Objective—To provide a detailed description of cross-sectional anatomic structures of the manus in canine cadavers in association with corresponding features in computed tomographic (CT) and magnetic resonance (MR) images.
Sample Population—7 cadavers of adult large-breed–type dogs (weight range, 25 to 30 kg) without forelimb disease.
Procedures—Forelimbs were removed from the cadavers within 4 hours after euthanasia and frozen. The right forelimbs of 3 cadavers were cut into 4-mm sections by use of a band saw; 1 limb each was sectioned in the transverse, dorsal, or sagittal plane. Sections were cleaned and then photographed. After thawing, transverse CT images of the right forelimbs of 3 additional cadavers were obtained, and the right forelimb of a seventh cadaver underwent MR imaging in the transverse, sagittal, and dorsal planes. The evaluated regions extended from the digits to the carpus. Features in CT and MR images that corresponded to clinically important anatomic structures in tissue sections were identified.
Results—For most of the anatomic structures evident in tissue sections, corresponding CT and MR imaging features were identified. Osseous and musculotendinous structures of the manus were readily detected in CT and MR images, whereas vascular structures were only rarely identified by use of the imaging techniques.
Conclusions and Clinical Relevance—Results of the detailed assessment of anatomic structures of the canine manus in association with corresponding features in CT and MR images will facilitate detection of pathological conditions and be beneficial in planning surgical procedures for diseases of the manus in dogs.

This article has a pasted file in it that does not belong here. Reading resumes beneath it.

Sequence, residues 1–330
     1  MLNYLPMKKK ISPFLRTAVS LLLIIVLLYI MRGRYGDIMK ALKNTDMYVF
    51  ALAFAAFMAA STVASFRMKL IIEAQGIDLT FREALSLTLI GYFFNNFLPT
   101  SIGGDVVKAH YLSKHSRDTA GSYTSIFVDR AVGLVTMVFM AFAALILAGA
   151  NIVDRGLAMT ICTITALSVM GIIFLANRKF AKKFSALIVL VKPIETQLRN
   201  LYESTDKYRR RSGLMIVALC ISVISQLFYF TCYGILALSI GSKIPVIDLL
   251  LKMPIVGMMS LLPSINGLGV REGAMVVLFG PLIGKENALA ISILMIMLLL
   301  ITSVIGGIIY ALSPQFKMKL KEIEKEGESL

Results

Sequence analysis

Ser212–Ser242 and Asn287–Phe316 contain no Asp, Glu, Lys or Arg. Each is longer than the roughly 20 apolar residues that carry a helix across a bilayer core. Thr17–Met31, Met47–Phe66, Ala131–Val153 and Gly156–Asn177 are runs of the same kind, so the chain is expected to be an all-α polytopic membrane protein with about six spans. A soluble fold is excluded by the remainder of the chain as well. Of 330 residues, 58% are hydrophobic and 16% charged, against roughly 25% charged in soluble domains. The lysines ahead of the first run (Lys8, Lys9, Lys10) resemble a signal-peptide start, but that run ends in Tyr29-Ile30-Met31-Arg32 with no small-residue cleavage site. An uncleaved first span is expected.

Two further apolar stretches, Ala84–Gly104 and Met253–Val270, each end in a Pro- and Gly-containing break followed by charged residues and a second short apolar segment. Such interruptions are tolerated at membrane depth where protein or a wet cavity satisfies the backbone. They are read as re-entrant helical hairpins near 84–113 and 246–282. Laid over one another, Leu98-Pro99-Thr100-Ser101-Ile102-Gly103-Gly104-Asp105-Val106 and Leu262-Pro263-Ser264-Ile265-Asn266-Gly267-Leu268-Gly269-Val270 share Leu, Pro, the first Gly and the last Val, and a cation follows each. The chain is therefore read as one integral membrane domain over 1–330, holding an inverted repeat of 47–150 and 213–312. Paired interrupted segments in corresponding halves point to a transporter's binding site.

Objective—To characterize the computed tomographic (CT) and cross-sectional anatomic features of myofascial compartments and soft tissue spaces in the manus of cadavers of dogs without forelimb disease.
Animals—33 cadavers of adult medium- to large-breed dogs without forelimb disease.
Procedures—Forelimbs were removed from the cadavers within 4 hours after euthanasia or within 6 hours after thawing from initial freezing. Specimens were then frozen for variable periods and thawed for approximately 16 hours before use. Each manus of 60 forelimbs underwent CT before and after injection of a radiopaque, blue-staining contrast medium into locations where soft tissue spaces and myofascial compartments were predicted (on the basis of pilot study data [6 forelimbs]). Two veterinary radiologists reviewed CT images and recorded the presence or absence of a discrete space or compartment at each injection site. Each manus was subsequently dissected or sectioned transversely. Locations of blue-staining contrast medium accumulation were compared with locations of contrast enhancement in CT images. Anatomic structures within each soft tissue space or myofascial compartment were described.
Results—13 soft tissue spaces and 5 myofascial compartments were identified in the manus. Three myofascial structures that were examined were determined not to be compartments.
Conclusions and Clinical Relevance—Knowledge of soft tissue spaces and myofascial compartments are used to map the likely spread of disease in the hands and feet of humans. Thus, understanding the locations and extent of similar structures in the canine manus may improve the effectiveness of surgical interventions in dogs with injury or inflammation of this region of the forelimb.